By Jody Lee, Johnson & Dugan
Question: Our company offers group medical and dental plans for all employees. We also have an executive-only medical plan that covers out-of-pocket expenses that the regular group plan does not pay. Does COBRA apply to the executive-only plan? Do we have to include it in our summary plan description (SPD)?
Answer: The coverage continuation requirements of the Consolidated Omnibus Budget Reconciliation Act of 1985 (COBRA) pertain to group health plans sponsored by employers with 20 or more workers (except certain church plans). This is referred to as federal COBRA, which is enforced and regulated by the Internal Revenue Service (IRS) and the Department of Labor (DOL).
Any employer-sponsored plan or program providing health benefits (medical, dental, vision, etc.) is a group health plan under COBRA. Briefly, if the employee’s access to the program or benefits is based on the person’s current or past relationship with an employer, it is a group plan. An executive-only medical plan is a group health plan – and subject to COBRA – since eligibility for the plan is connected to employment. (Reference: 26 CFR § 54.4980B-2 )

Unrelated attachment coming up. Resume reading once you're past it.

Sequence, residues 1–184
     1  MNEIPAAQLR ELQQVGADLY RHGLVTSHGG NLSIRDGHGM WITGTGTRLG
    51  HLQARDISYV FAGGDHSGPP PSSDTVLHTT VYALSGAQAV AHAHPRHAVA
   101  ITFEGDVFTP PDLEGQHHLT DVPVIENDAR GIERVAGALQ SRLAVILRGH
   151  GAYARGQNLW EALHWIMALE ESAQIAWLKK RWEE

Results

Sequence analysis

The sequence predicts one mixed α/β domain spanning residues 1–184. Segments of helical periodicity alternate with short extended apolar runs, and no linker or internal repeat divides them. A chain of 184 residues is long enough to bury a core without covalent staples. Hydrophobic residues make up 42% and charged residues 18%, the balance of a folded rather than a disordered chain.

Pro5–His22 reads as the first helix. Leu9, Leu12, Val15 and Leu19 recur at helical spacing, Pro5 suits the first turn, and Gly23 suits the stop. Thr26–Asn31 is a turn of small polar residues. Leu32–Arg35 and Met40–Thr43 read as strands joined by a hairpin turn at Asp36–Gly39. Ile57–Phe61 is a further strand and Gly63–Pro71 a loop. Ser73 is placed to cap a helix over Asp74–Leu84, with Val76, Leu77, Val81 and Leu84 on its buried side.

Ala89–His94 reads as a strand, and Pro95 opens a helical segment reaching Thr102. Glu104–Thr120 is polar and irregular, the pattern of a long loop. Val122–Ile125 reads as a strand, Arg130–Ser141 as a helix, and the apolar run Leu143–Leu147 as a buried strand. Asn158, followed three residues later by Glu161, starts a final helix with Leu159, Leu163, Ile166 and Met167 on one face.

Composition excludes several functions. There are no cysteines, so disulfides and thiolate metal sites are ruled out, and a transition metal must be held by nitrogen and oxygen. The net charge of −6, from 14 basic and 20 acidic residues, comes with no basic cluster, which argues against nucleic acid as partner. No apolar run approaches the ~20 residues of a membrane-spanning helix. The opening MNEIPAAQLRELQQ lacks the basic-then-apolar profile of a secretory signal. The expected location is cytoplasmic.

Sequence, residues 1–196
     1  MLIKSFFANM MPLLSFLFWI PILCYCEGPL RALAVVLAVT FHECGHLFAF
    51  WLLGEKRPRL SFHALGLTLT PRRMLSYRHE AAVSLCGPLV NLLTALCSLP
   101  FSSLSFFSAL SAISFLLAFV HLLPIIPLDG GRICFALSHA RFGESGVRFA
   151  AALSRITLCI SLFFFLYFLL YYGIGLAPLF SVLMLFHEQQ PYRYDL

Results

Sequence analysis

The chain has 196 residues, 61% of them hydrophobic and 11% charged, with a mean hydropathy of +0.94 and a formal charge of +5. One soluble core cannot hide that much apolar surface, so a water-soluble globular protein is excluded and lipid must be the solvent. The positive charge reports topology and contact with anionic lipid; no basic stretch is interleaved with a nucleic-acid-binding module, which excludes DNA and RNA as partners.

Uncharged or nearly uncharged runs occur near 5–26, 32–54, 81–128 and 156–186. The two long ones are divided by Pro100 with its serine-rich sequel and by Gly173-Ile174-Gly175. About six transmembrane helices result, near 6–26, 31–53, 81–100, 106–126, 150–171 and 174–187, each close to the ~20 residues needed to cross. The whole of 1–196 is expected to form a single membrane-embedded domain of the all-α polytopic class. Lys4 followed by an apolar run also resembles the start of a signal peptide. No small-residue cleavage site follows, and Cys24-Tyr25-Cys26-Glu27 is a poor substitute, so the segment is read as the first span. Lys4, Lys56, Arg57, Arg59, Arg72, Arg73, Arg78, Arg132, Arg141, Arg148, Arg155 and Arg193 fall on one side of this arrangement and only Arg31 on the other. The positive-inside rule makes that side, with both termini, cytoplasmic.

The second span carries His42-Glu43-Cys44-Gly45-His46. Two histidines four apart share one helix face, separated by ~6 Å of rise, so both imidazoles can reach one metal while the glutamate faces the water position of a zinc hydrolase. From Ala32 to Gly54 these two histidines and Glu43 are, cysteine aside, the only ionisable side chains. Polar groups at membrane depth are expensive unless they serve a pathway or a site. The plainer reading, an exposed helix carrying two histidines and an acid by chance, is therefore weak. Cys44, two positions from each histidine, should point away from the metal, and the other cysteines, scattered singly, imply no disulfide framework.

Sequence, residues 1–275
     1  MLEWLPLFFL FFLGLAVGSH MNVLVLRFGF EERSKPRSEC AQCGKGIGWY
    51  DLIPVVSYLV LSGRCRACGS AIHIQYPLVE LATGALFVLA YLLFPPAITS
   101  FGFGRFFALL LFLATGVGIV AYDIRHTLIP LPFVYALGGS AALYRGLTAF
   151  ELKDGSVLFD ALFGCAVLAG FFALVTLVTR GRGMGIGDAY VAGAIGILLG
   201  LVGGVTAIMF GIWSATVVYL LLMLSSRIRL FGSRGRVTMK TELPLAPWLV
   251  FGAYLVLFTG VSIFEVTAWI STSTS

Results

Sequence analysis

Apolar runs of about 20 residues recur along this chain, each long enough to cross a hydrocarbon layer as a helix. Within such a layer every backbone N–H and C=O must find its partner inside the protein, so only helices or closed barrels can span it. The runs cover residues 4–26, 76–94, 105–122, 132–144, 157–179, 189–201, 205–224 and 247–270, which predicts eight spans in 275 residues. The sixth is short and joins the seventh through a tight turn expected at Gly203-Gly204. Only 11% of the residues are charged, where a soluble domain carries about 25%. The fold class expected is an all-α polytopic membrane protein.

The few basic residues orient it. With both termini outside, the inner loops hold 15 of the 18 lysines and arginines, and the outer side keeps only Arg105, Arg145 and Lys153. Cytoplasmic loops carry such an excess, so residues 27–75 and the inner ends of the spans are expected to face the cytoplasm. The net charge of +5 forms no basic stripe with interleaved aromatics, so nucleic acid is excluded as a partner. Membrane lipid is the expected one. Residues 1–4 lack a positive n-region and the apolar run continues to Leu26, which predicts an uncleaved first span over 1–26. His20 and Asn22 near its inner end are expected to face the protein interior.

Next, the Employee Retirement Income Security Act (ERISA) imposes numerous reporting and disclosure requirements on employee benefits plans, including rules for plan documents and summary plan descriptions (SPDs). Plans sponsored by governmental employers and certain church plans are exempt from ERISA, but plans sponsored by private-sector employers must comply with ERISA’s plan document and SPD rules. There is an exception, however, for an executive plan that meets the following conditions:
- The plan primarily provides welfare (e.g., health) benefits for a select group of management or highly-compensated employees; and
- No part of the plan is funded through employee contributions or a trust.
The most common example is an executive-only medical insurance plan for which the employer pays 100 percent of premiums. In that case, an SPD is not required and Form 5500 reporting does not apply. A plan document is required but it does not have to be made available to employees. The plan document does have to be provided to the Department of Labor (DOL) if requested. (Reference: 29 CFR § 2520.104-24)
By Kathleen A. Berger
Originally posted on thinkhr.com
We have entered Open Enrollment season and that means you and everyone in your office are probably reading through enrollment guides and trying to decipher it all. As you begin your research into which plan to choose or even how much to contribute to your Health Savings Account (HSA), consider evaluating how you used your health plan last year. Looking backward can actually help you plan forward and make the most of your health care dollars for the coming year.